News Release: DTES residents prepare for 2nd day of council meeting on Local Area Plan

DEMANDS FOR MORE HOUSING, CONTROLS ON RETAIL GENTRIFICATION AND ABORIGINAL HEALING AND WELLNESS CENTRE DOMINATE FIRST DAY OF COUNCIL MEETING

Vancouver, Coast Salish Territories, March 13, 2014 – The voices of low-income DTES community members and their supporters dominated the first day of Council hearings on the neighbourhood’s plan, and residents are preparing another show of force for day two.

Vancouver City Council will begin hearing the remaining 70 speakers for the DTES Local Area Plan at 4 pm on Friday, March 14, beginning with planning process co-chair Building Community Society. Speakers will include representatives from the Carnegie Community Action Project, the LAPP Low-Income Caucus and the Japanese Language School.

On Wednesday, many speakers focused on the zoning proposal in the Oppenheimer district that would require 60% of new housing to be social housing and 40% to be rentals. The proposal to block condominiums in the 21-block area would keep property values lower and make building social housing more feasible.

“Critics spoke against this idea, citing among other ‘facts’ that it hasn’t been done before. That argument would prevent any new ideas anywhere”, said Karen Ward of Gallery Gachet. “The 60/40 would leave the doors open – that is, the doors to the thousands of homes that are needed. And these homes must be available at the current and appallingly low shelter rate of $375. If social housing is not available to people on social assistance, it isn’t social housing.”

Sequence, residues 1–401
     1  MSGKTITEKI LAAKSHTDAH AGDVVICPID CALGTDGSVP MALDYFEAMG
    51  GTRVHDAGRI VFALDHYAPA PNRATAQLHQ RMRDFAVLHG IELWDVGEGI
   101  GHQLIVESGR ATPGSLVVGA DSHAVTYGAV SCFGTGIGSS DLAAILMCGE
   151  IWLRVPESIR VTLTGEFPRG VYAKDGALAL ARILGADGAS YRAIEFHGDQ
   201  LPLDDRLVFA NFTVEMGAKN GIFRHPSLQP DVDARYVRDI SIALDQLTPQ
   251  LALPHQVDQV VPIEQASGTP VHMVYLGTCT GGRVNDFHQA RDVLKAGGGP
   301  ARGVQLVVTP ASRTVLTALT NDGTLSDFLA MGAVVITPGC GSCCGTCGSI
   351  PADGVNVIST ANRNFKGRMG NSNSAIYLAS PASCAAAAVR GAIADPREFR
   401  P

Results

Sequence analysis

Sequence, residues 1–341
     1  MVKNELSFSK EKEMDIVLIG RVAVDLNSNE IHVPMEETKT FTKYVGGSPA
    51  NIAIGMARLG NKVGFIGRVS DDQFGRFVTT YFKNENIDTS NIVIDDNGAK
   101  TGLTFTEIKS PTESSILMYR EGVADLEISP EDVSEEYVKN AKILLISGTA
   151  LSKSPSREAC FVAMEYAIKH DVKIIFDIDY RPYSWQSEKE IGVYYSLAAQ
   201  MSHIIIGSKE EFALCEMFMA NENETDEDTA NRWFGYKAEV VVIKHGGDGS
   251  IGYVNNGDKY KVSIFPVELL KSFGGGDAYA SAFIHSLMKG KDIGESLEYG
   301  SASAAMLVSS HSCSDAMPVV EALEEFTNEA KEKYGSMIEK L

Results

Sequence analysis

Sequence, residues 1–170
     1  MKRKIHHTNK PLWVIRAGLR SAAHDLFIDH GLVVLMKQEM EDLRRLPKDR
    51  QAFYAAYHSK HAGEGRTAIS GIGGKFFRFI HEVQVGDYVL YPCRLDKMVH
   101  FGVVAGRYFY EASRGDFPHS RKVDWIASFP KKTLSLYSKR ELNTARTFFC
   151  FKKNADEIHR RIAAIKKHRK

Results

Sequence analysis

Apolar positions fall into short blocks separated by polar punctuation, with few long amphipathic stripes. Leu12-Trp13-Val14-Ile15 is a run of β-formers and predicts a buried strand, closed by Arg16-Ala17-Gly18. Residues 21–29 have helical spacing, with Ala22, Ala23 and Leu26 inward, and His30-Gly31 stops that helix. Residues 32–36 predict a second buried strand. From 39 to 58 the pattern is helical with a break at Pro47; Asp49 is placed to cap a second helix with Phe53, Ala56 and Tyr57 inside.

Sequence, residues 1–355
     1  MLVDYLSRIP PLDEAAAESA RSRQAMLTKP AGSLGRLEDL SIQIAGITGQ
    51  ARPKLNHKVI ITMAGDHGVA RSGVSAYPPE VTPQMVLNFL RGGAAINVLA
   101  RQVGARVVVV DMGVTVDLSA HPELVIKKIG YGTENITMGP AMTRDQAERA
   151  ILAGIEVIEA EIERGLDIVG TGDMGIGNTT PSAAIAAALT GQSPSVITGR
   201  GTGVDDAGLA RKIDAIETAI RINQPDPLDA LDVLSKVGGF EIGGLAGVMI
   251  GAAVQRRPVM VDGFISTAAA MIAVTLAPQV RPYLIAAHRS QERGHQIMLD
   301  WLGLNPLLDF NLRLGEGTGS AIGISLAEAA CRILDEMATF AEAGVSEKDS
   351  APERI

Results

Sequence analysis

LAPP Committee member Tami Starlight emphasized that the definition of social housing in the plan makes 2/3 of all units inaccessible to the neighbourhood’s poorest residents. “If social housing is redefined as mostly excluding low-income people, it will shut us out of the housing we need,” said Starlight.

The idea of creating an Aboriginal Healing and Wellness Centre ignited the enthusiasm of dozens of speakers, who urged the City to take action in this “Year of Reconciliation.”

“I lost my daughter six months ago”, said LAPP Committee Member Victoria Rose Bull in a heartfelt speech to Mayor and Council. “She could not find help at hospital. If there was an Aboriginal Wellness Centre, she could have.”

Speakers also drew attention to the loss of community that gentrification has caused in the DTES. “The DTES is being upscaled & the places that used to be places of connection and belonging are being lost,” Harold Lavender of the Social Housing Alliance told the Mayor and Council. “This is a plan for dispersal, but there is no plan for people to be displaced into homes they can afford.”

“We’ve been displaced from everywhere else, we’ve been excluded from everywhere else, and this is the first and last place we can find home—and some of us emerge within the space, and some of us take longer”, Karen Ward told Council. “There’s ongoing public pain, and if people find that hard to bear, they should.”

Ward was among the speakers who urged Council to use the plan to advocate for senior government investment in social housing and higher social assistance rates. “We look to the Mayor and Council to make a strong statement about how inadequate and detrimental to human dignity the current provincial social assistance rates are when they adopt the LAP plan on Saturday”, she said.